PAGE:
Criminal Law and Jury Instructions in Alabama

In 2009, Thomas Crowe and his codefendant, Toni Collins, were at the home of Marvin Dailey. Crowe started a fire in a bedroom of Dailey’s home. Dailey was struck in the head with a hammer. Collins and Crowe took various items of personal property from Dai- ley’s home, including his car. Dailey’s body was found in- side the home and an autopsy indicated that he died from smoke inhalation. After leaving Dailey’s home, Crowe and Collins went to the home of Jeff Link. Crowe told Link that he had beat someone up. Crowe and Collins had Dai- ley’s car. During an investigation, Collins gave a statement that implicated Crowe. She later directed law enforcement to a pond in which the hammer had been thrown. Crowe was arrested and convicted of three counts of capital murder. Reversed.
The Court found the following issue on appeal: “Whether the circuit court erred when it instructed the jury that it could convict Crowe of capital murder if it found that Crowe ‘or another participant’ intended to kill Dailey.” The instructions are conflicting but the court did instruct the jury that an element of intentional murder was whether “the defendant or another participant intended to kill Mr. Dailey.” Crowe did not testify but the State introduced tapes of telephone conversations that Crowe had with his wife and mother while in jail. In those conversations, Crowe stated that he had not killed Dailey and that he had not intended for him to be killed. The judgment of the trial court is due to be reversed. Crowe v. State of Alabama.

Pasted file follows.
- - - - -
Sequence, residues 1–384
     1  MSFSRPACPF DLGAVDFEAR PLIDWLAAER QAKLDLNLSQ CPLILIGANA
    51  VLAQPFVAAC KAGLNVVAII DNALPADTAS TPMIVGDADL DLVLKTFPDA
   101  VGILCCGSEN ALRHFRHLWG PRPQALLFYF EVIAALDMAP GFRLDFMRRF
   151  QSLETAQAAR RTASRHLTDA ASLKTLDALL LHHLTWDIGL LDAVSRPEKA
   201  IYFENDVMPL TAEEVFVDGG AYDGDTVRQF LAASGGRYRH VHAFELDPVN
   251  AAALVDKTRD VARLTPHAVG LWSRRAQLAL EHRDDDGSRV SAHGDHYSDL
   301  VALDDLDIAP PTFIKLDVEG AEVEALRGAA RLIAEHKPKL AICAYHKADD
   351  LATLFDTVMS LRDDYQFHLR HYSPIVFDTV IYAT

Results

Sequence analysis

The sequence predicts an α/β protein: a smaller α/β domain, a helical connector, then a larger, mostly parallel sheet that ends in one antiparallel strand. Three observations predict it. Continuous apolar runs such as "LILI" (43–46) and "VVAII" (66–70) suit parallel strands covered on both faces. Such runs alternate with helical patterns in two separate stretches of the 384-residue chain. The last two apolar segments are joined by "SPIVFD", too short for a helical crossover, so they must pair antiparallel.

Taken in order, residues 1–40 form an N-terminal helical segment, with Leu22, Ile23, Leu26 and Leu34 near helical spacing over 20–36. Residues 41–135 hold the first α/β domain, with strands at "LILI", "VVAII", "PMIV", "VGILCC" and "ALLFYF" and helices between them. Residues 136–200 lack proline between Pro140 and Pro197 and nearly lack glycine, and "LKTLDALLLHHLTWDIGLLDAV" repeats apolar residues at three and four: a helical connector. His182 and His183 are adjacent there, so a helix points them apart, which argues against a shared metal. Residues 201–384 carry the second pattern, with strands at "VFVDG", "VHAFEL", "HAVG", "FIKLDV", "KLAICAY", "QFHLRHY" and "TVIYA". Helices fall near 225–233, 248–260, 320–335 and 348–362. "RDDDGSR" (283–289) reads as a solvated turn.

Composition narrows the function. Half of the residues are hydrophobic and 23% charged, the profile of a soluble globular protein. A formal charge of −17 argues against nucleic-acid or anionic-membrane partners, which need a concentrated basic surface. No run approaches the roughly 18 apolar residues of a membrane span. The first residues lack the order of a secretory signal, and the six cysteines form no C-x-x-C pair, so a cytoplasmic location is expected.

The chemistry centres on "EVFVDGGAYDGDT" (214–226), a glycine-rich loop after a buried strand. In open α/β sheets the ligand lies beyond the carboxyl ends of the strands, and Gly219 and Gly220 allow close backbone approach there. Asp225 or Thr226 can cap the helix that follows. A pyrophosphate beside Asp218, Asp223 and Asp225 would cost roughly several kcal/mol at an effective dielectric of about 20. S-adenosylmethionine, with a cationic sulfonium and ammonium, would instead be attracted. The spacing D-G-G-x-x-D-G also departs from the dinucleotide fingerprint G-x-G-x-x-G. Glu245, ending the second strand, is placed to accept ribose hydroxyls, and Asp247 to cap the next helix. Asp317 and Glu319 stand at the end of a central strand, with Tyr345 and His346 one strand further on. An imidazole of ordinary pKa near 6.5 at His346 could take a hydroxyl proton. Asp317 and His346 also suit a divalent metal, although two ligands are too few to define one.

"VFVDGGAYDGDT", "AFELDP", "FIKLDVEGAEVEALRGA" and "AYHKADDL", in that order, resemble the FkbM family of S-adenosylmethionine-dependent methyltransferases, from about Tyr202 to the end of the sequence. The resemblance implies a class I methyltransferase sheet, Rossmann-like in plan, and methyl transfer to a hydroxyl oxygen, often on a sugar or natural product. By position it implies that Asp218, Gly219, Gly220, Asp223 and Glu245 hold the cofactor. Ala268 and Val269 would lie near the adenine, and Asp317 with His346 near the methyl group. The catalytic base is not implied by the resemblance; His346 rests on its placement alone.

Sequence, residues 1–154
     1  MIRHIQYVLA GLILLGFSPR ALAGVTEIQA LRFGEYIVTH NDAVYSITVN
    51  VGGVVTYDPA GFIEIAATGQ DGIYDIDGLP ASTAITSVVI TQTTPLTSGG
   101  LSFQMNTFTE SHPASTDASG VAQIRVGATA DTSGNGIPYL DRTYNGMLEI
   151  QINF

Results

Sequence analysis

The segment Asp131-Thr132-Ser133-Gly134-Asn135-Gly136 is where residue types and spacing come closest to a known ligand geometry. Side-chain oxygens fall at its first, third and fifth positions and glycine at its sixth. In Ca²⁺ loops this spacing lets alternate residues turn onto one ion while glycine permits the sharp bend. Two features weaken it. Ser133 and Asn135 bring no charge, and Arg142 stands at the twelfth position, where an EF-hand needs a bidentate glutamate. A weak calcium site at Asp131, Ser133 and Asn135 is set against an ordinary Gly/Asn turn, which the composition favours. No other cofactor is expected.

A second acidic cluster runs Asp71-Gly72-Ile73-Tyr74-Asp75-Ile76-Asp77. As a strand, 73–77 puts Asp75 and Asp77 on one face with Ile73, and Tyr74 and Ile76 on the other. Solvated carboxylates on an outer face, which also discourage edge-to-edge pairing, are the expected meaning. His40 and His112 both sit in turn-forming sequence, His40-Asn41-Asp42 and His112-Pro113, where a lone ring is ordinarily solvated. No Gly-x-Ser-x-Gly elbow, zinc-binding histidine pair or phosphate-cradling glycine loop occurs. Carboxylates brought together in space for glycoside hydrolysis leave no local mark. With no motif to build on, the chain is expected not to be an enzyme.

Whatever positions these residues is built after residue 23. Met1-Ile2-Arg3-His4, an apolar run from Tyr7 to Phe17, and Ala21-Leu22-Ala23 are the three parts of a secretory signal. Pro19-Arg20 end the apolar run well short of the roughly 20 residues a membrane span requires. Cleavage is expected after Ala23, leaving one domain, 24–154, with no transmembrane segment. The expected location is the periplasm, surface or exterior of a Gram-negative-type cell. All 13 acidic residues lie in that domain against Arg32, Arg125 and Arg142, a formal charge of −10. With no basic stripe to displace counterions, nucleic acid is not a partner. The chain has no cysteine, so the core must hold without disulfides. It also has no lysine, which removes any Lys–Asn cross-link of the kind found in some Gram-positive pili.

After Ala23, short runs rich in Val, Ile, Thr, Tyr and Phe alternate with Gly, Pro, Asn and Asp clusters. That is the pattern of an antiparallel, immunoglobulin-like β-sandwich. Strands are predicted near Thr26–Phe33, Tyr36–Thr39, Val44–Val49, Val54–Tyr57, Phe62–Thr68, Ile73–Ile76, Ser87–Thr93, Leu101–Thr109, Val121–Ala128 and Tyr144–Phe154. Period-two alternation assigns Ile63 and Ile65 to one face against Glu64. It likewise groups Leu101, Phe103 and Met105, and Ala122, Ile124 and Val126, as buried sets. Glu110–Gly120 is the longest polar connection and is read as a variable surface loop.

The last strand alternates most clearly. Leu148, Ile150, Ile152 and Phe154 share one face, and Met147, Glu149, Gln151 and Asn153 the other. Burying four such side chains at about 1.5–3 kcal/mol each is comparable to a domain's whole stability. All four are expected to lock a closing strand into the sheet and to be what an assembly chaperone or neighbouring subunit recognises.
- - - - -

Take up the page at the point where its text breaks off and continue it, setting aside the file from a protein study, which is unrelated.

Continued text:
Categories: